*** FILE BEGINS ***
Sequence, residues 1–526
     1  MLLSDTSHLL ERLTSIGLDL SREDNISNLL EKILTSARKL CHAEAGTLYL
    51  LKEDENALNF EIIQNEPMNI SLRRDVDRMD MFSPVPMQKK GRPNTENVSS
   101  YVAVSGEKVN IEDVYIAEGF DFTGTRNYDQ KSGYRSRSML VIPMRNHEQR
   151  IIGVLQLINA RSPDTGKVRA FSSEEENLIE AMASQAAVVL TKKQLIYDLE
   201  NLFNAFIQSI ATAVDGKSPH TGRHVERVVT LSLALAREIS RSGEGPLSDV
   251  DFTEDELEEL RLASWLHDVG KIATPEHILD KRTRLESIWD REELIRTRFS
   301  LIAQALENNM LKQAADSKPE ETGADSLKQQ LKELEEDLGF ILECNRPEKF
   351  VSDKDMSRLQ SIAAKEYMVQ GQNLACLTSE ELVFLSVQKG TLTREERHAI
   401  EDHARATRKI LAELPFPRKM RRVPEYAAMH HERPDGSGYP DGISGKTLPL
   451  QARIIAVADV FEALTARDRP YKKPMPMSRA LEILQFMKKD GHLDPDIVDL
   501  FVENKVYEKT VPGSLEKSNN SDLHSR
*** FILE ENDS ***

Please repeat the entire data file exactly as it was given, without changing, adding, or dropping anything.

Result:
Sequence, residues 1–526
     1  MLLSDTSHLL ERLTSIGLDL SREDNISNLL EKILTSARKL CHAEAGTLYL
    51  LKEDENALNF EIIQNEPMNI SLRRDVDRMD MFSPVPMQKK GRPNTENVSS
   101  YVAVSGEKVN IEDVYIAEGF DFTGTRNYDQ KSGYRSRSML VIPMRNHEQR
   151  IIGVLQLINA RSPDTGKVRA FSSEEENLIE AMASQAAVVL TKKQLIYDLE
   201  NLFNAFIQSI ATAVDGKSPH TGRHVERVVT LSLALAREIS RSGEGPLSDV
   251  DFTEDELEEL RLASWLHDVG KIATPEHILD KRTRLESIWD REELIRTRFS
   301  LIAQALENNM LKQAADSKPE ETGADSLKQQ LKELEEDLGF ILECNRPEKF
   351  VSDKDMSRLQ SIAAKEYMVQ GQNLACLTSE ELVFLSVQKG TLTREERHAI
   401  EDHARATRKI LAELPFPRKM RRVPEYAAMH HERPDGSGYP DGISGKTLPL
   451  QARIIAVADV FEALTARDRP YKKPMPMSRA LEILQFMKKD GHLDPDIVDL
   501  FVENKVYEKT VPGSLEKSNN SDLHSR